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Serious water deficit plaguing Central Asia ‘irreversible’ and will only get worse, warns Mirziyoyev

Serious water shortages plaguing Central Asian countries have become "irreversible" and will only get worse, Uzbek President Shavkat Mirziyoyev warned in an address given at a meeting of the International Fund for Saving the Aral Sea on September 15.

Lying between Uzbekistan and Kazakhstan, the Aral Sea was once known as the fourth largest lake in the world. Soviet irrigation projects, however, caused much of it to dry up in what has been dubbed as one of the world's worst environmental catastrophes.

According to Mirziyoyev, in some parts of Central Asia the pressure on water resources could triple by 2040. The economic damage might eventually reach 11% of gross regional product, he cautioned.

Despite Uzbekistan’s efforts to implement drip irrigation and other innovative irrigation systems, around 90% of water in the country is still used for agriculture, and scientists warn demand for water in Central Asia’s most populous country will only grow as the population increases. To get some kind of grip on the dilemma, the government has started a gradual expansion of water tariffs.

Mirziyoyev also expressed concerns as regards the construction of the Qosh Tepa Canal in Afghanistan by the country’s Taliban administration, which is not signed up to any water sharing agreements with the nations of Central Asia. The Taliban say Afghanistan is entitled to a share of the water flowing in the Amu Darya river for agricultural purposes.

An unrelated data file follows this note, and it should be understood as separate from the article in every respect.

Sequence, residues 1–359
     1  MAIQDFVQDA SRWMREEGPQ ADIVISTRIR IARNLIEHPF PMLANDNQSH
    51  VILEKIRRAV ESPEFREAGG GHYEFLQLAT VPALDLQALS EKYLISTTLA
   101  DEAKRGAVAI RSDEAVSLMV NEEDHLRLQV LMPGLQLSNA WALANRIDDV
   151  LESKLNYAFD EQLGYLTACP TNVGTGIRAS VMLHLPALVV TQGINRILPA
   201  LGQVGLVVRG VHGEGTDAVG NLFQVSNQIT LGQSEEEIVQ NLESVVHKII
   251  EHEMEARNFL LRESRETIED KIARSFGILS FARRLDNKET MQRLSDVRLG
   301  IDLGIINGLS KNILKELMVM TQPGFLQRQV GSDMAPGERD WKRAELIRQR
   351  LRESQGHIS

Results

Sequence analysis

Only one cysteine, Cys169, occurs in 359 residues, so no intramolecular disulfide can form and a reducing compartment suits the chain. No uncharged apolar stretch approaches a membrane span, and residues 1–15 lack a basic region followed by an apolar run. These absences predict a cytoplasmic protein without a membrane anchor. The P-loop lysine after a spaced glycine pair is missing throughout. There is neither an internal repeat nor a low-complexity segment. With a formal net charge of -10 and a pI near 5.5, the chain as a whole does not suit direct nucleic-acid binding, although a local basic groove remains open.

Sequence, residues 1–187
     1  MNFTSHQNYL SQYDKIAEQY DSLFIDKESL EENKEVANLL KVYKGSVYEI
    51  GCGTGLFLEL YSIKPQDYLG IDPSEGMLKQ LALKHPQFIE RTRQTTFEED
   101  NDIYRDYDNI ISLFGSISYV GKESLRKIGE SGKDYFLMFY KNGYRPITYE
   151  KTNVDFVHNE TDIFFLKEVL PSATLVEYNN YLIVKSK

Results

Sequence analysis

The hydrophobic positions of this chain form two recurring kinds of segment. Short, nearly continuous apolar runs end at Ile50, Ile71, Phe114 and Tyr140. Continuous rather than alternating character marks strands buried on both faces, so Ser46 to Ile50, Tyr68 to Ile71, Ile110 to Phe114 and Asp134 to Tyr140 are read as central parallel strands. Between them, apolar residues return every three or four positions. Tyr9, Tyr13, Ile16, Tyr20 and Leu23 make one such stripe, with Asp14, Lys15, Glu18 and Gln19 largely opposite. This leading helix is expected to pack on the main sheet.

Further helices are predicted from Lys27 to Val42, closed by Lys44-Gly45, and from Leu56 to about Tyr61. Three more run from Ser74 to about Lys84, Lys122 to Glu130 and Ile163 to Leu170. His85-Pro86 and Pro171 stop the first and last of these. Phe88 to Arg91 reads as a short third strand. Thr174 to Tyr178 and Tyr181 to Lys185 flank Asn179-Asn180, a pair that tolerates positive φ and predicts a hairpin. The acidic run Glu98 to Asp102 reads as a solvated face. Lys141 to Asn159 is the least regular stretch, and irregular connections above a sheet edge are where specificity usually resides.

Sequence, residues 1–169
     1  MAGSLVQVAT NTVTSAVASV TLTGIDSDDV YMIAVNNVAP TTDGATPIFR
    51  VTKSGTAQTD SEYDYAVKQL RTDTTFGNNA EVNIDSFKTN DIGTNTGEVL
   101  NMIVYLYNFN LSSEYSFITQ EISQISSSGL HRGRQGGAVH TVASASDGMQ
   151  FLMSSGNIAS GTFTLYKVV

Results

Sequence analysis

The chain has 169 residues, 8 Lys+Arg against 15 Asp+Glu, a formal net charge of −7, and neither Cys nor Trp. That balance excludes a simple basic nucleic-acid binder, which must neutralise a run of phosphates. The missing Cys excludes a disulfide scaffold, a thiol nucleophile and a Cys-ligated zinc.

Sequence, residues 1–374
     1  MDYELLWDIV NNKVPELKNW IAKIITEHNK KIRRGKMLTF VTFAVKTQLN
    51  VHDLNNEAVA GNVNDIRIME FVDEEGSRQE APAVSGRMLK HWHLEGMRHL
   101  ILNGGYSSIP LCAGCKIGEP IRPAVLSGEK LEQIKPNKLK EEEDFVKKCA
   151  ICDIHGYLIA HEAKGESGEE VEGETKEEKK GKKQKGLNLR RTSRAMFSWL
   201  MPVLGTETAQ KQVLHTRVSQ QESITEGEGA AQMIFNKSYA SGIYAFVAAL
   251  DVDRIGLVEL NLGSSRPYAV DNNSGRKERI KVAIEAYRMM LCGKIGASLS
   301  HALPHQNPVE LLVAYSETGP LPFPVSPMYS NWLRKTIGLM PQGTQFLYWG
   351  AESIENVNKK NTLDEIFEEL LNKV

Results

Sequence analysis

"You know very well that the Afghan side is actively working on the construction of the canal. Its launch could fundamentally change the order and balance of water use in Central Asia," the president said. He emphasised the potential transformative impact of the canal's completion on the current water utilisation balance in the region.

To address this issue comprehensively, he proposed the establishment of a joint working group. This group's primary task would be to conduct a thorough assessment of all aspects related to the construction of the Qosh Tepa Canal and its potential consequences for the use of water from the Amu Darya River.

Mirziyoyev also advised considering the involvement of Afghan representatives in the regional dialogue focused on the cooperative management of water resources.